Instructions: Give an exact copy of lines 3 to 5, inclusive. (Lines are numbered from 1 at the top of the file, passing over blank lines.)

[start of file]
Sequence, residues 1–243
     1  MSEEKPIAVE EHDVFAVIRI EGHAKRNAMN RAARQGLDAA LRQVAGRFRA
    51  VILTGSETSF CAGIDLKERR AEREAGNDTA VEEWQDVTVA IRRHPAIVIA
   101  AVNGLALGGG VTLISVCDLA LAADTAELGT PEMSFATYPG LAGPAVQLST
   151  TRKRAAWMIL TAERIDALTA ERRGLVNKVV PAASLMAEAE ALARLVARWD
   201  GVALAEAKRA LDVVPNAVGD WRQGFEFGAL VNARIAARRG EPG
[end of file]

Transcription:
    51  VILTGSETSF CAGIDLKERR AEREAGNDTA VEEWQDVTVA IRRHPAIVIA
   101  AVNGLALGGG VTLISVCDLA LAADTAELGT PEMSFATYPG LAGPAVQLST
   151  TRKRAAWMIL TAERIDALTA ERRGLVNKVV PAASLMAEAE ALARLVARWD